Eddy current probes, or proximity
probes, are non-contact displacement sensors that protect some of the world’s most critical rotating equipment, like gas and steam turbines, from catastrophic failure related to excess vibration. By measuring the distance between probe tip and
shaft, using changes in the magnetic field, users can effectively plot the motion of the shaft and determine if fault conditions exist such as imbalance and misalignment. Keeping turbines running and properly scheduling maintenance during planned
outages is paramount to the success of the plant.
The probe system consists of the probe itself with typical 5-, 8- or 11-mm encapsulated probe tip, an extension cable and a probe driver or signal conditioner. The probe impedance changes proportional to distance from the shaft or target, however, probe
impedance alone is not linear. It is the job of the probe driver to linearize these impedance changes and produce a reliable voltage signal relating distance to voltage. Since impedance is critical to this measurement, cable length and type must be
precisely matched to the probe driver.
Unfortunately, Eddy current probe cable installation error is one of the top reasons for failure of the vibration protection system. Making matters worse, this mistake can go undetected with a simple gap voltage check, causing catastrophic results.
A gap voltage check is a measure of the DC voltage output by the probe driver. It is easy to check since most monitoring systems have a gap voltage button on the front panel. When installing an Eddy current probe during a shutdown, the technician wants
to install the probe so that the initial distance or “gap” from the turbine shaft is close to the center of the probe’s dynamic range. Most probes have a range of 10 mils to 90 mils, thus the installer wants the initial gap to be
as close to 50 mils as possible. This ensures the probe can be used to its maximum dynamic range since the shaft could, theoretically, travel 80 mils peak-to-peak and still be measured by the probe. However, if the shaft is moving 80 mils peak-to-peak
it is probably better to evacuate the premises rather than stick around and watch what happens. Most radial probe alarms are set at less than 10 mils peak-to-peak. Thus, from a practical standpoint, the initial gap can vary from 40 mils to 60 mils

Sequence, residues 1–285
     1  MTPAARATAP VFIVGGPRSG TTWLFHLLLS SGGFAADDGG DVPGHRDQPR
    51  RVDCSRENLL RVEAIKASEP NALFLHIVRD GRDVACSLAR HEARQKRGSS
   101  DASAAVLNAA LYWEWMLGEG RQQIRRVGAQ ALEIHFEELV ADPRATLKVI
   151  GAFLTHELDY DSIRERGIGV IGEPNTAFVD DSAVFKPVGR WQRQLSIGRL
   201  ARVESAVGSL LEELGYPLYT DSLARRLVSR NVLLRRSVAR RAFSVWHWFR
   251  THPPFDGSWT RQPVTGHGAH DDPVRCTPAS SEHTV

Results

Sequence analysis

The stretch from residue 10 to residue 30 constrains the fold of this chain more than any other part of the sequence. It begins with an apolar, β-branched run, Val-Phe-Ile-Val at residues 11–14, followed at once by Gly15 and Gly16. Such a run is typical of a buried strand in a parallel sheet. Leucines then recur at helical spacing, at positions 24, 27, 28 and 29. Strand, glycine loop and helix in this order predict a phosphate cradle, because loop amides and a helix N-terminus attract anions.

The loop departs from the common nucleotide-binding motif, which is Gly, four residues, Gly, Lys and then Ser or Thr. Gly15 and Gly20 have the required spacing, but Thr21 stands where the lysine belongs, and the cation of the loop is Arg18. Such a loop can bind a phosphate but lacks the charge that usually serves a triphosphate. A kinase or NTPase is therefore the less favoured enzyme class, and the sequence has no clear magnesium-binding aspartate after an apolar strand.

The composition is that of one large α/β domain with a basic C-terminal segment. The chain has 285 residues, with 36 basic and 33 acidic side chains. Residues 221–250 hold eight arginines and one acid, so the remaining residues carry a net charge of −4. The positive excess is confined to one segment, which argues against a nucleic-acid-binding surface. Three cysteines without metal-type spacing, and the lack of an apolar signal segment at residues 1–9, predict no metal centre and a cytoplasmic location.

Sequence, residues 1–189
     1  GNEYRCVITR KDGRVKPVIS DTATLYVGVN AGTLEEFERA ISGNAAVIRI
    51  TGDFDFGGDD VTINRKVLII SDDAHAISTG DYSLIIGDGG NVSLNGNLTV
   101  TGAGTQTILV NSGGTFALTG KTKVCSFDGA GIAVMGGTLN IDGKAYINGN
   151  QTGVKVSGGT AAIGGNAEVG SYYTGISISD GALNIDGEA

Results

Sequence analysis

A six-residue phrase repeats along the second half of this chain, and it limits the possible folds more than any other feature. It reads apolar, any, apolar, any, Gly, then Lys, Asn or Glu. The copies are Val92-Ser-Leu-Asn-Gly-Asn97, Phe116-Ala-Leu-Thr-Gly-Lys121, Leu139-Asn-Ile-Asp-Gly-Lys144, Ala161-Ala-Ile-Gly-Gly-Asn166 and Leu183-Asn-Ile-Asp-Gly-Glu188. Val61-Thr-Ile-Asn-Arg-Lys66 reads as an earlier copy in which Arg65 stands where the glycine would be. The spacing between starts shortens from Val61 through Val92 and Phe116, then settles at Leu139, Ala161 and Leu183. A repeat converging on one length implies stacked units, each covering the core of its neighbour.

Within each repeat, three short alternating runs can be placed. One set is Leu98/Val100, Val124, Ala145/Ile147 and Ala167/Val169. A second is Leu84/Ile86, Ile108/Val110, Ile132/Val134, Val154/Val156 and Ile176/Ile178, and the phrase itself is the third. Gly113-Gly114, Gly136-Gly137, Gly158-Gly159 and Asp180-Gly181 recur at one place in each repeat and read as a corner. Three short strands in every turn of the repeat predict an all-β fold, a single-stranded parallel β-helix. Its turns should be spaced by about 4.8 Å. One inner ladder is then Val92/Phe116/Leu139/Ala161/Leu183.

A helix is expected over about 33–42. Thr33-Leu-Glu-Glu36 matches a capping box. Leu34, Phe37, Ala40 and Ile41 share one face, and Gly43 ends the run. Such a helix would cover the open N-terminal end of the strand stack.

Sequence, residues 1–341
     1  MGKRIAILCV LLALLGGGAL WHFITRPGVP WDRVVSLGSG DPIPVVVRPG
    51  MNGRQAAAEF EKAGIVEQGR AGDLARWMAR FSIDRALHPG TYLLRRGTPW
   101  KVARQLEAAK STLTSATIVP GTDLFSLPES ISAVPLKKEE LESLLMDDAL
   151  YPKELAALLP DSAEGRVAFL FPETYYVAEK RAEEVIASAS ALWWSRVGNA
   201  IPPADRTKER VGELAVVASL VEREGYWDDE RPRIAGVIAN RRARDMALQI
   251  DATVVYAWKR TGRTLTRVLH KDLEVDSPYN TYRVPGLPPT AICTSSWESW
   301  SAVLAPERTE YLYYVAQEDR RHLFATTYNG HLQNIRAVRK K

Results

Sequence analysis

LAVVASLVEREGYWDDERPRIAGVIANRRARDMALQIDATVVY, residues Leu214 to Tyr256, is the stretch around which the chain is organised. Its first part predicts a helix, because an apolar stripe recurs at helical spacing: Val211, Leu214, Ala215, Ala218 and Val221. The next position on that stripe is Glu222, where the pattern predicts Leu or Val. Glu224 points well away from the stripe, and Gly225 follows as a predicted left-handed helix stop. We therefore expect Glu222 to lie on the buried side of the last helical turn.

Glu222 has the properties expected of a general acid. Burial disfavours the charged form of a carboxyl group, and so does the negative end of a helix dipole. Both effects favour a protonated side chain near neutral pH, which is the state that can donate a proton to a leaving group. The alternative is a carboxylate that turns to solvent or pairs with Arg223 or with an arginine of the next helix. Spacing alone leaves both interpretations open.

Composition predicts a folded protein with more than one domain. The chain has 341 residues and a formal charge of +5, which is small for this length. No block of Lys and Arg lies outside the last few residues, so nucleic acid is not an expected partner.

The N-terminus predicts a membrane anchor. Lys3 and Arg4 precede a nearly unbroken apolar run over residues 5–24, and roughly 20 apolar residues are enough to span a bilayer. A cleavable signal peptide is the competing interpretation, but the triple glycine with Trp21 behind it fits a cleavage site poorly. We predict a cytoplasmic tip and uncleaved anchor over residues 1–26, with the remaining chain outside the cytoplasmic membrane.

and, as long as the proper cabling is used, the probe will measure correctly.
A cabling error of just 0.5 meters can cause significant error of 12.5%. For example, a system designed for 5 meters of cable and 200 mV/mil output when connected with 5.5 meters of cable produces 175 mV/mil. With the monitoring system expecting 200 mV/mil,
an alarm at 5 mils will not trip until there is actually 5.7 mils vibration.
Gap voltage can be used to detect cable error, but most often inadvertently leads to more inaccuracy. Usually, it is impossible to visually observe or measure the actual probe tip distance from the shaft. So if the gap voltage is wrong, how can one tell
if it is caused by cable error or installation error? If the technician cannot physically measure the distance from probe tip to shaft during a turbine shut down, it is impossible to know for sure. The easy fix is to adjust the position of the probe
to make the gap voltage look correct. By doing so, the probe tip (with incorrect cable length attached) is being positioned so that the turbine shaft is no longer in the center of its dynamic range. This leads to additional dynamic output error. In
our 5.5 meter example, dynamic voltage drops to 168 mV/mil. If an alarm was supposed to be at 5 mils, it will not trip until there is actually 6 mils vibration.
Dynamic calibration against the API 670 recommended 4140 steel target is the best way to identify cable error. Using a known displacement input, the technician can measure the dynamic AC voltage output of the Eddy current probe and confirm that it is
200 mV/mil. The Modal Shop's Model 9100D allows customers to perform this dynamic validation with displacement in mils or microns peak-to-peak on an LCD display. Model 9110D offers the same capability plus sensitivity display and the ability to create
ISO 17025-compliant calibration certificates for both amplitude linearity and frequency response.